June 2012

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Women students at Anderson's Institution

This month we look at one of the oldest records of the University, the first minute book of the managers and trustees of Anderson’s Institution, (an antecedent of the University of Strathclyde) and see what a great resource for the history of women’s education it is.

John Anderson, born in 1726 in Rosneath, Dumbartonshire, graduated with an MA from the University of Glasgow in 1745. Following his graduation, Anderson was volunteer officer with the Hanoverians, defending Stirling during the Jacobite uprising of 1745.  In 1755, he was initially appointed as Professor of Oriental Languages at the University of Glasgow, he later became Professor of Natural Philosophy.  Anderson was very interested in making his classes relevant and interesting and left his estate for the purpose of establishing a new university where useful and practical learning were at the heart of teaching. Wider access to all classes, especially to women, was part of Anderson’s vision for the new institution. His Will instructs:


 …another Course shall likewise be given by the same Professor, at least once every year, to be called “The Ladies Course of Physical Lectures”, in which no mathematical reasoning shall be used; and it shall be similar to the course on the Tuesdays and Thursdays above mentioned, but with this difference, that the Audiences shall consist of both Ladies and Gentlemen…

The intention of this Course of Lectures is, that the Ladies in Glasgow, may have an opportunity for a small sum, and in the early part of life, of being at several of these Courses of Lectures, by which their Education for domestic affairs will not be interrupted, no pedantic language will be acquired, as is often the case in a more advanced age, and such a Stock of General Knowledge will be laid in, as to make them the most accomplished Ladies in Europe.

Although Anderson envisaged a place of practical learning for both male and female students, he did however, insist on good behavior:


…no men may be admitted who are disorderly, talkative, ill bred, or intoxicated; and no women that are giddy, or incorrect in their manners. If they do not like these conditions, they need not apply for Tickets…

Dr Thomas Garnett (1766-1802), first Professor of Natural Philosophy in Anderson’s Institution (1796-1799), was also especially interested and personally committed to the educational emancipation of women. Garnett offered three classes; lectures on Arts and Manufactures, a popular course of lectures on Natural and Experimental Philosophy and a ‘popular’ Chemistry class. By April 1797, 972 students, (around half of whom were women) had attended the classes.  Garnett believed that the attendance of women at the Institution represented ‘an era in the annals of female education’.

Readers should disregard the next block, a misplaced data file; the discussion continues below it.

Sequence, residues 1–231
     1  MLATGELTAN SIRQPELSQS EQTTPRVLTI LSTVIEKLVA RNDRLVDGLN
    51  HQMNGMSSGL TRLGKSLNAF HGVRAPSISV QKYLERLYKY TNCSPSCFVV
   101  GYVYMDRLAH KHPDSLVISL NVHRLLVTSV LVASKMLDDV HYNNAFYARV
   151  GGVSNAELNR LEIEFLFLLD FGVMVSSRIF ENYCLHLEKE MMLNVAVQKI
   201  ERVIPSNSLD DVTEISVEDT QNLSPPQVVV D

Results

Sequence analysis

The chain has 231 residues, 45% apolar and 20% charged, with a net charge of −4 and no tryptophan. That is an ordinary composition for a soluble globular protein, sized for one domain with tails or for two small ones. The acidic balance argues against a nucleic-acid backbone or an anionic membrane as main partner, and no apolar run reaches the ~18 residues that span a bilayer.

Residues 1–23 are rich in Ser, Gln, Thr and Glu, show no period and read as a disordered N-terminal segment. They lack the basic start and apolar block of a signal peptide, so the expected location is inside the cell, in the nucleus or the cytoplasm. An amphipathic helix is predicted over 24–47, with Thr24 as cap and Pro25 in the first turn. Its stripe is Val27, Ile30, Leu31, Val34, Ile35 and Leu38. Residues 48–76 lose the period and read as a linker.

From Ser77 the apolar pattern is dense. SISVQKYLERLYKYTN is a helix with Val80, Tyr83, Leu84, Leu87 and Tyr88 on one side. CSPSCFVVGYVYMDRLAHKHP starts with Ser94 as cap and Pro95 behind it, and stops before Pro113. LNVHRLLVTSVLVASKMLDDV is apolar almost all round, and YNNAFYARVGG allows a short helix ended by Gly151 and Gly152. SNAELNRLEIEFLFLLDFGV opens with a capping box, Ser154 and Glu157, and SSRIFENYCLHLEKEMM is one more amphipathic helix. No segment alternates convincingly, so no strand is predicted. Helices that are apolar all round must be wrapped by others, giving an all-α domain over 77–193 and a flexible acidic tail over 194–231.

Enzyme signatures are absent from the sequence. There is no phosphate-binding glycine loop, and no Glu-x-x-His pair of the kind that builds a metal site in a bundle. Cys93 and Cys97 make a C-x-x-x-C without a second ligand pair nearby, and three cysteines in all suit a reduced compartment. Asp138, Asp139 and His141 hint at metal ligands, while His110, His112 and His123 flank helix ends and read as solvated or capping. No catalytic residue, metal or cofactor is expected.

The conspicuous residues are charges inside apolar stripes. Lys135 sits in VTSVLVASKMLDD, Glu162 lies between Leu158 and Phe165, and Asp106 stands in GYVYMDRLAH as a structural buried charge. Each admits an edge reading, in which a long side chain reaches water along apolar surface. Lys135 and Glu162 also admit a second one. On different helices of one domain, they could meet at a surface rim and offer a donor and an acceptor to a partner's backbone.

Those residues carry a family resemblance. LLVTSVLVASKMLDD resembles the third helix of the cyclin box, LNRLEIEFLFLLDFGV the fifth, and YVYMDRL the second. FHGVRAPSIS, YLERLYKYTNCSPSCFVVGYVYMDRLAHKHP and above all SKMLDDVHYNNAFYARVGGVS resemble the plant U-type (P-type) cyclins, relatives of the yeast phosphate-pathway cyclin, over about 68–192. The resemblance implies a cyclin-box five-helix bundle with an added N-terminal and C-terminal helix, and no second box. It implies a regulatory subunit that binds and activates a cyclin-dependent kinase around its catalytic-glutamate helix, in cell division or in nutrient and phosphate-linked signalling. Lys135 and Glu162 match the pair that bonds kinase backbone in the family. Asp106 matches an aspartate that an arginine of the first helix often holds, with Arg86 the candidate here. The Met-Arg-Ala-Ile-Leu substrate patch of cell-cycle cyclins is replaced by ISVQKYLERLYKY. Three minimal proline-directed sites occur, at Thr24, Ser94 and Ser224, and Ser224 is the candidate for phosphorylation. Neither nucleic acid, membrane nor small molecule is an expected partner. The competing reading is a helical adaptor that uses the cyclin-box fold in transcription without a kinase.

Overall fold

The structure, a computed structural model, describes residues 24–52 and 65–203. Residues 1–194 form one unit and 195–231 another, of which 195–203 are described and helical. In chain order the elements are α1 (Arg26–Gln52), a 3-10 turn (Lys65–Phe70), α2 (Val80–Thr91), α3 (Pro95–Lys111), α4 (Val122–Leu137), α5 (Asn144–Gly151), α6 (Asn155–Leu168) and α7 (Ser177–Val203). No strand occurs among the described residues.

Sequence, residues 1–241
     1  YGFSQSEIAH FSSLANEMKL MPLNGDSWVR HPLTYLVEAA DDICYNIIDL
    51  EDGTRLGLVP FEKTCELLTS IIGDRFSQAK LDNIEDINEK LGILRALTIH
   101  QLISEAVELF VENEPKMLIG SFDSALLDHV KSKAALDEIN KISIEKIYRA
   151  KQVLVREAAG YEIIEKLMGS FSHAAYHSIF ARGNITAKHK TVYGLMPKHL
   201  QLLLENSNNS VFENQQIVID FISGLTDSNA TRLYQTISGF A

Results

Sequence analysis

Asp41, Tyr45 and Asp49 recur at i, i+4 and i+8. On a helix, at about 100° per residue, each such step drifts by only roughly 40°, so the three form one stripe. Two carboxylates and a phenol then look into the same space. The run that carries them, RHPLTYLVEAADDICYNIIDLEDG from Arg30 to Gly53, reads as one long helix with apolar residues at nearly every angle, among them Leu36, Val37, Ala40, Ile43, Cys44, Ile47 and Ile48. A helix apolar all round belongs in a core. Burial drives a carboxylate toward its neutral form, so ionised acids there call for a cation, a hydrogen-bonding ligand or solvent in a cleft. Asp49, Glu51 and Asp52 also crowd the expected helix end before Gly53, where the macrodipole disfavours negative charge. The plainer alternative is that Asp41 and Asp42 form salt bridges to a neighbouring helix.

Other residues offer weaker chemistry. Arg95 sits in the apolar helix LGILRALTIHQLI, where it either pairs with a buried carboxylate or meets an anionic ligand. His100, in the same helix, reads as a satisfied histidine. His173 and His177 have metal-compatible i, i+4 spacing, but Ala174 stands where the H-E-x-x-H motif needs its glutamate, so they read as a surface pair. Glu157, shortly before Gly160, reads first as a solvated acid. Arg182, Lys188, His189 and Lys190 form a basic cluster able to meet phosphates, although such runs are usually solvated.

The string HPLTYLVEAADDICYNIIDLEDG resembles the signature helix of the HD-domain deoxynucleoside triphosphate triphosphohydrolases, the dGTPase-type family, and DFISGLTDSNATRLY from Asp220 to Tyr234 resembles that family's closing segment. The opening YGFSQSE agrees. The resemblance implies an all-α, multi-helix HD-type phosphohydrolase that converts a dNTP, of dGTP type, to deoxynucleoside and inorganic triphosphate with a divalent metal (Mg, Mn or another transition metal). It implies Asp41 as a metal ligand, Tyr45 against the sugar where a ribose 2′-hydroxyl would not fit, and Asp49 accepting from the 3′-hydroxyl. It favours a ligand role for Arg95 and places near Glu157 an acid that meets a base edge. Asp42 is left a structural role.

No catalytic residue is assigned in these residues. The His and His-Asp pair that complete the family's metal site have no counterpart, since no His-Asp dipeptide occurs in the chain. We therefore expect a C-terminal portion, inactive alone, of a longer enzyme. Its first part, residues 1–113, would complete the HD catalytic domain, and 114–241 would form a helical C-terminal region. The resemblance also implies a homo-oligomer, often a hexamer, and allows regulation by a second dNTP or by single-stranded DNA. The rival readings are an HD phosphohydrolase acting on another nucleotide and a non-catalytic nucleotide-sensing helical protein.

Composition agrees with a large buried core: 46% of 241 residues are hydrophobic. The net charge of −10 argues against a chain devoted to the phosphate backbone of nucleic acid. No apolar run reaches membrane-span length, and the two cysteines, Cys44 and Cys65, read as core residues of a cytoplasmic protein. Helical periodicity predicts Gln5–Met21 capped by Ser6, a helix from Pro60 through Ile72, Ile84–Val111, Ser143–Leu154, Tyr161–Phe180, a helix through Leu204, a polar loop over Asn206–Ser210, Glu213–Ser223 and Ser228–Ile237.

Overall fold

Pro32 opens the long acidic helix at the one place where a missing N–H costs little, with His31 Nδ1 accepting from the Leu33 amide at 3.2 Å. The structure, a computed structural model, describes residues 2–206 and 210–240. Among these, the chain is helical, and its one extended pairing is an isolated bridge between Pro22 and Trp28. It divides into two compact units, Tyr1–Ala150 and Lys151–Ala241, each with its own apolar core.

By the 1830’s and 1840’s, a number of classes were offered to female students at Anderson’s University (as it was known 1828-1877), including, Chemistry, French and Mathematics. In 1840, the Natural Philosophy class was made up of 130 women. Tickets were bought in advance for classes although women did not graduate from the university at this time.

The campaign for women’s entry to higher education began to gather momentum around the middle of the 19th century. Women had been discouraged from obtaining degrees, especially medical degrees as it was believed that women would be a disruptive influence in the classroom. Some doctors even suggested that women’s health would suffer due to extensive studying.  It was not until 1892, after The Universities (Scotland) Act 1889, that women were permitted to instruction and graduation at Scottish Universities.

The minute book highlights both John Anderson’s and Thomas Garnett’s progressive views on women’s education. Anderson’s Institute was not only established as a place for useful learning but also, as the minute book outlines, ‘the first regular institution in which the fair sex have been admitted… on the same footing as men’.

Rachel Pike, Archives Assistant

Further information:

Minute Book of Anderson's University (ref: GB 249 OB/1/1/1)

John Butt, John Anderson’s Legacy: The University of Strathclyde and its Antecedents 1796-1996, (Tuckwell Press 1996) D 378.4144 BUT

June Purvis (editor), Women’s History: Britain 1850-1945 An Introduction, (Routledge 2004) D 305. 4094 WOM

W Hamish Fraser and R J Morris (editors), People and Society in Scotland, Volume II, 1830-1914, (The Economic and Social History Society of Scotland 1990) D 941.1 PEO

John Anderson, professor of natural philosophy

Professor John Anderson